By Walt Czaicki, CFA
Hello everyone, and welcome to our 4th quarter Capital Markets Outlook. Clearly, it was a difficult third quarter, with the S&P 500 down nearly 5%, which added to the painful year-to-date returns investors have experienced across the board. This year, there has been no place to hide. The three big issues for the year continued this quarter: persistent inflation, central bank tightening in response to it, and questions surrounding global economic growth.
Starting with the Fed, they’ve continued on their aggressive rate hiking path, which is not expected to abate in the near term. While the market’s expectations have also moved higher regarding rate hikes, they’ve remained a bit below those of the Fed’s projections. This is based on the notion that all this tightening will ultimately lead to slower economic growth, which, in turn, could lead to less-restrictive monetary policy. But the bottom line is that the Fed would rather err on the side of caution than to ease too soon and wind up with bigger inflationary problems down the road.
We already see signs that their policy is having an effect. For example, freight costs between areas such as the US and Asia have declined meaningfully, and key goods prices have declined from their peaks, in particular, many commodities. Yet a lingering concern for the Fed is that both wage growth and employment costs have quickly accelerated and show no signs of cooling yet. This will likely keep the Fed in its tightening phase.
Consequently, we have lowered our forecasts for economic growth, while raising our forecasts for both inflation and short-term interest rates. With so much going on, many wonder where things are headed and how one should invest in both the equity and fixed income markets.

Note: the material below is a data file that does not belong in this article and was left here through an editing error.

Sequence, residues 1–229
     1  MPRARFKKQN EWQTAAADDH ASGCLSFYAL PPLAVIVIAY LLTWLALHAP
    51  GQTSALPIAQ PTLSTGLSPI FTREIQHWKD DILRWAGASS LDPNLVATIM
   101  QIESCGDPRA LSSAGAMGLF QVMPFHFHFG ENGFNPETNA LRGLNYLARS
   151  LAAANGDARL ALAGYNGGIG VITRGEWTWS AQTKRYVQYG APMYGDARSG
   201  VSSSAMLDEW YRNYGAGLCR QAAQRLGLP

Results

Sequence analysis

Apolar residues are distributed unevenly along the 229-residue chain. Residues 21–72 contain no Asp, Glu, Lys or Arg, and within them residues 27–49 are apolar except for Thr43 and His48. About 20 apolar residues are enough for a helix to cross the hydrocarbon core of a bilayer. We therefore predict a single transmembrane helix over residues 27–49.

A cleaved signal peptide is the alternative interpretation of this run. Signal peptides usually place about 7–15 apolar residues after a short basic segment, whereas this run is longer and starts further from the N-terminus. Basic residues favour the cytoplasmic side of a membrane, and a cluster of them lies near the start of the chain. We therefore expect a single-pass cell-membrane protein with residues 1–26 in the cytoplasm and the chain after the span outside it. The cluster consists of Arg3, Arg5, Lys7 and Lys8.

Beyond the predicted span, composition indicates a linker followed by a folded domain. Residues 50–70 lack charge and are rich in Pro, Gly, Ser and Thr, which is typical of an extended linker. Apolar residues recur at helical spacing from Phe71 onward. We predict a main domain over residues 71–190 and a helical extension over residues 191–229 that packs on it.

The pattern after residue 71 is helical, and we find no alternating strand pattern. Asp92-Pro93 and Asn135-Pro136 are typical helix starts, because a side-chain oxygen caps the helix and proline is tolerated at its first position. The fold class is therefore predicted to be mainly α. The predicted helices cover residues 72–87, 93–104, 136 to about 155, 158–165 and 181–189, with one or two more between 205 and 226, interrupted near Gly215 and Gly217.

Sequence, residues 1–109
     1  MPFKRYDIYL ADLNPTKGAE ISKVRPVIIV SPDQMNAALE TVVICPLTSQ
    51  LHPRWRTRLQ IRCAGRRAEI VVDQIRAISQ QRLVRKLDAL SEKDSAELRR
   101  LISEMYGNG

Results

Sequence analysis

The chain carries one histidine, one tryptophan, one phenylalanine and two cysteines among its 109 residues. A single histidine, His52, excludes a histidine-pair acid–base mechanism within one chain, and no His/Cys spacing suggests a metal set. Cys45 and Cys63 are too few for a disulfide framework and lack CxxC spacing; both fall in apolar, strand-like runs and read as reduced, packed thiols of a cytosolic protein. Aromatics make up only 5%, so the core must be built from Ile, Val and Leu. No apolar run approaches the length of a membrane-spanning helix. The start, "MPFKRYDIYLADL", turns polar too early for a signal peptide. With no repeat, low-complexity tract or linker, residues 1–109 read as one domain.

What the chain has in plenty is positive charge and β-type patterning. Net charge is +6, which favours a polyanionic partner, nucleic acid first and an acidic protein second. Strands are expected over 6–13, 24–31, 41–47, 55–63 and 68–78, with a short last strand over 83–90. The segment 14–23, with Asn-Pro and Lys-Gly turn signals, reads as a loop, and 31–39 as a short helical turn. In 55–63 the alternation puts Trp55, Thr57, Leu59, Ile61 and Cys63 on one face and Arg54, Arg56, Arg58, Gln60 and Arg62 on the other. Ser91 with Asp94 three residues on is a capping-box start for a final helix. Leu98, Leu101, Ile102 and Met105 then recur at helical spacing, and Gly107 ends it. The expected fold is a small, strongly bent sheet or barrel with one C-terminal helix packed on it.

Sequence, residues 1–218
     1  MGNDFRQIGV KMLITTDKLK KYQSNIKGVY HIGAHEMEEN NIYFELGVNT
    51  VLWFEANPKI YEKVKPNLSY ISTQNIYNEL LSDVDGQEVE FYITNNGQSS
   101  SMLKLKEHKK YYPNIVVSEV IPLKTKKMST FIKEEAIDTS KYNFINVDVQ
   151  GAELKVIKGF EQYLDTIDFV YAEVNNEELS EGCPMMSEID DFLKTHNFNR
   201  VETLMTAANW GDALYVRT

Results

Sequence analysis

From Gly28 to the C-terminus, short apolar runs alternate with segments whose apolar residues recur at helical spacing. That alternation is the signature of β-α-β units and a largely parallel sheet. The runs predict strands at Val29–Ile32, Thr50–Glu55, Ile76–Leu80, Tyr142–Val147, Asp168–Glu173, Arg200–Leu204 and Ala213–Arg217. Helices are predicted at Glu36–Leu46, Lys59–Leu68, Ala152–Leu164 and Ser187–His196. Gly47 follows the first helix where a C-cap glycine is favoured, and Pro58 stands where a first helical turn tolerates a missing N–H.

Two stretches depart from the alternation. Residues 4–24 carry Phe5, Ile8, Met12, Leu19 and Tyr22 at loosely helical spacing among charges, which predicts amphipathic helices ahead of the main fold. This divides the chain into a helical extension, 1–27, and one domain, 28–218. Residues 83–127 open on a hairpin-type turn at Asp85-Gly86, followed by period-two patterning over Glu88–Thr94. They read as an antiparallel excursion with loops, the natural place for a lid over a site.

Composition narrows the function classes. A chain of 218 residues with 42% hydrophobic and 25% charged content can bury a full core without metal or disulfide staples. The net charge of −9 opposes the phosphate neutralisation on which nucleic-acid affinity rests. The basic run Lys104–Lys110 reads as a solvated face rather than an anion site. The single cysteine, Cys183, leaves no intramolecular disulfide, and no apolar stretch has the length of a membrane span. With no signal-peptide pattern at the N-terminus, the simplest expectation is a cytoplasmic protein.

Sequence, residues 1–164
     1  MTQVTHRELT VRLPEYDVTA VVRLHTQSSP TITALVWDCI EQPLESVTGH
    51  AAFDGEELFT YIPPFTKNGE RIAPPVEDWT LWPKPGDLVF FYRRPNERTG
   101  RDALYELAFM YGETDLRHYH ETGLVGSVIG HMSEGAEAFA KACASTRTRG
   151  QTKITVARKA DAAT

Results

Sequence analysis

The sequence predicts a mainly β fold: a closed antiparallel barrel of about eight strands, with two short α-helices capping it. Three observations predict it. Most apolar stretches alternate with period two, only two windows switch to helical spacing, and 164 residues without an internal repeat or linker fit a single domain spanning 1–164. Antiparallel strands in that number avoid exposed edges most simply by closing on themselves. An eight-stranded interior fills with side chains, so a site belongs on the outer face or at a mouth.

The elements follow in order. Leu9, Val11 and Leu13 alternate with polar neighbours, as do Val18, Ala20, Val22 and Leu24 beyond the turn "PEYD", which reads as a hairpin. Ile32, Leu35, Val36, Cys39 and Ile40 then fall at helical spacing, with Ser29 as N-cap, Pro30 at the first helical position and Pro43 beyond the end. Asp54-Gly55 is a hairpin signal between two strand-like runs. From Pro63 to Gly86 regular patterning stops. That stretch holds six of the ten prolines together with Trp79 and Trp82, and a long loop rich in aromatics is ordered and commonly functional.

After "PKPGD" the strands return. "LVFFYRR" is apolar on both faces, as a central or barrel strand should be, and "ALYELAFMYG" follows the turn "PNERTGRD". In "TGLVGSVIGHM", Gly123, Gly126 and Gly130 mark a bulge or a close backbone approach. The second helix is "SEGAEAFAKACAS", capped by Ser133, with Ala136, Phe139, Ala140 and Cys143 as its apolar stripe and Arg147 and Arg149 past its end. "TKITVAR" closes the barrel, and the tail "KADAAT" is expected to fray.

So, let’s begin with equities. Earnings estimates continued to climb in the early part of the year only to be lowered in the last few months. That is the case for this year, and for 2023, with the exception of the energy sector. Beyond energy being an outlier, utilities have seen modest estimate revisions – and these two sectors comprise a meaningful weighting among value stocks.
But within Growth stocks, their year-to-date selloff represents not only a more attractive entry point, but also a timely opportunity to rebalance into them, where appropriate. With all the bad news that’s out there, this may be creating a contrarian but good opportunity for investors who have intermediate time horizons. In times when consumer sentiment has reached its lowest levels, we have historically seen attractive forward returns for both one-year, and three-year periods. But return opportunities are not exclusive to equities – considering the higher yield environment that has enhanced the return potential for fixed income investors. To get a higher yield on your fixed income, you need yields to rise. And that’s exactly what has happened, albeit abruptly. In fact, this has been the fastest rate hike environment since the 1970s.
One area of fixed income that looks particularly enticing is US high yield, where the current yield to worst (which is a very good indicator of forward 5-year returns) is roughly 10%. But it’s important to remember that during periods of meaningful selloffs in High Yield bonds, their subsequent recoveries have been swift, and powerful.
Over the past four decades, high yield bonds have generated an annualized average return north of 8% for those investors who remained committed to the asset class. However, if an investor missed the best month in each year, the realized returns would have been half that.
And if they missed just the best two months each year, the returns were severely lower. Right now, that nearly 10% yield-to-worst is at the high end of the historical range for US high yield.
And we’re currently near the high end for select European bonds, as well as investment-grade securitized assets.
We know this has been a very challenging time for investors. But, as always, we hope our comments on AB’s best thinking will help investors endure through this trying time that’s truly a marathon, and not a sprint.
Editor’s Note: The summary bullets for this article were chosen by Seeking Alpha editors.